Perhaps to explain independent probabilities a little bit better, let's talk about averages, tails, and expected times. For simplicity, let's call the inverse of a chance an encounter is shiny with the letter x (i.e. x = 8192). For no other reason than it's shorter to write.

On average, you will encounter one shiny every x encounters. They come randomly so you won't get them exactly when you think you should. You might not get them at all. But on average, over everyone playing Pokemon, the total encounters divided by the total shines will be about x.

However, because all of these events are independent, if you don't get a shiny in, let's say, 6x encounters, that doesn't change anything at all. From this point on you're still only expecting a shiny about every x encounters. The universe doesn't increase the rate just because you previously got bad luck. Similarly, if you got 6 shinies in x encounters, you're still only expecting a shiny once about every x encounters.

The key takeaway is that shiny hunting doesn't remember the past. It has no history. That's both good and bad, because a lucky streak cannot harm you, but an unlucky streak cannot help you.

Finally, let's talk about the long tail.

Let's number your attempts. Attempt #1, attempt #2, and so on. And let's say you only want to catch one shiny, so you stop after finding it. Which attempt number do you have the greatest chance of catching that shiny?

Believe it or not, the answer is the Very. First. Attempt.

Let's see why.

The probability that any particular pokemon is shiny is 1/x, let's call this y (i.e, y = 1/8192). So the first pokemon being shiny has probability y. If you get to the second pokemon, it also has a probability of y, but that's only if you get there, which has a probability of (1 - y), so the total probability that you catch a shiny on your second encounter is y (1 - y). Attempt #3 is y(1 - y)^(2), and so on.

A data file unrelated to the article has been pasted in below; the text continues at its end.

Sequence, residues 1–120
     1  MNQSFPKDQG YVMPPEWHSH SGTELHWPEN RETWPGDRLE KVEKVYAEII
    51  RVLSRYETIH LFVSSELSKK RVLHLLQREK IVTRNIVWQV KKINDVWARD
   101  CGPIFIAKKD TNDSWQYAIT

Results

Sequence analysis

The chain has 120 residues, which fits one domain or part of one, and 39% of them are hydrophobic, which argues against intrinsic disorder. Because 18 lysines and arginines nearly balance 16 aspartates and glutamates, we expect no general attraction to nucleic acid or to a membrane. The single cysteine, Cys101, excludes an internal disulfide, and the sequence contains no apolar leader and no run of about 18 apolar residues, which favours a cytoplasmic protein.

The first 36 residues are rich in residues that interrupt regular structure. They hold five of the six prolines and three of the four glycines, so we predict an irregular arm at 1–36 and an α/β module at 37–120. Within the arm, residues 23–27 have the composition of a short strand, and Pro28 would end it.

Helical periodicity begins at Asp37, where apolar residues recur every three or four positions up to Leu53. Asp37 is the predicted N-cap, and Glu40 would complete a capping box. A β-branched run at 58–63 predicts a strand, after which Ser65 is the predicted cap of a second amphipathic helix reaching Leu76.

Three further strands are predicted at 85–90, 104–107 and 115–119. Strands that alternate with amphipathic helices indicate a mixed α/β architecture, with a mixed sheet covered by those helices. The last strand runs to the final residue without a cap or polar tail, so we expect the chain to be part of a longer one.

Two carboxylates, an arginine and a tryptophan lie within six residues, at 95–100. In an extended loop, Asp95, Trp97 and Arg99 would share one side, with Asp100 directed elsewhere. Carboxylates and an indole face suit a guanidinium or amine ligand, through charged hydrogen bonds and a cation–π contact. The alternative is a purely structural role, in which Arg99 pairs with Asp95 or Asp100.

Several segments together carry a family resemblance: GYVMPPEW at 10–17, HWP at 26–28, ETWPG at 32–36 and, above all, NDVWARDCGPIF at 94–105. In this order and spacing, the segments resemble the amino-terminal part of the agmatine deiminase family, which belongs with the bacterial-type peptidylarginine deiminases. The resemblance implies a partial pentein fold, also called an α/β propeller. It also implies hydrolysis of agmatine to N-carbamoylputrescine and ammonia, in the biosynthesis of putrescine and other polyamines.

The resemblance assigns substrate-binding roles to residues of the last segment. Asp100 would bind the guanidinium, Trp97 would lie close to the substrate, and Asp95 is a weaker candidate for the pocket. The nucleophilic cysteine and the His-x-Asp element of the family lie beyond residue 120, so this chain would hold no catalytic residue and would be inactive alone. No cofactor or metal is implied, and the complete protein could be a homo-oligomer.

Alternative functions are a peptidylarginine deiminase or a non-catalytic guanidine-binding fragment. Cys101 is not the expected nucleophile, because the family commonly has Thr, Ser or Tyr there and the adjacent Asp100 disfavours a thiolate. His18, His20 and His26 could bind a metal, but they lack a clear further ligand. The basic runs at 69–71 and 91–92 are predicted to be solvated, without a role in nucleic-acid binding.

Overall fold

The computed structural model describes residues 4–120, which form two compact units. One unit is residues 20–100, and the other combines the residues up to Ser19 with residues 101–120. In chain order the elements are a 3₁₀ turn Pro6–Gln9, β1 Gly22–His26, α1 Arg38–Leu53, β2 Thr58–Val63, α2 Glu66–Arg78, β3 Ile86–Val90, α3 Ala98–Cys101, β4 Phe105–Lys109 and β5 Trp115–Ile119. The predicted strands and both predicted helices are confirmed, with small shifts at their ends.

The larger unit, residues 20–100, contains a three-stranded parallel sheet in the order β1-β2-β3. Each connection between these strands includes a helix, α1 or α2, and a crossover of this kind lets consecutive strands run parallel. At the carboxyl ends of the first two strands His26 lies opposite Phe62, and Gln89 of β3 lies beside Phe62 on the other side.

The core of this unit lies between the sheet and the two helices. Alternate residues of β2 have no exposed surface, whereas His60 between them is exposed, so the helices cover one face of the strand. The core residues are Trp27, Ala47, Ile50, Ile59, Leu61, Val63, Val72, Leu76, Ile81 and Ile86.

Let's say you tried to catch a shiny 200000 times. Which attempt has the highest chance of having the shiny? The very next attempt, of course, with probability y. Getting to this attempt without a shiny was indeed quite unlucky, but now that the past has already happened, the 200,000th attempt and the 1st attempt are the exact same.

That's what the other user was getting at with the 10 hour session. If you play for 10 hours you have a certain chance of getting a shiny. If you play for 1 hour you have a different chance. But the idea is that if you decide to play for 10 hours and you don't get a shiny in the first 9, then your chance of getting a shiny in the last hour is the same as your chance of getting a shiny in only 1 hour, rather than your original 10 hour chance.

Hope this helps.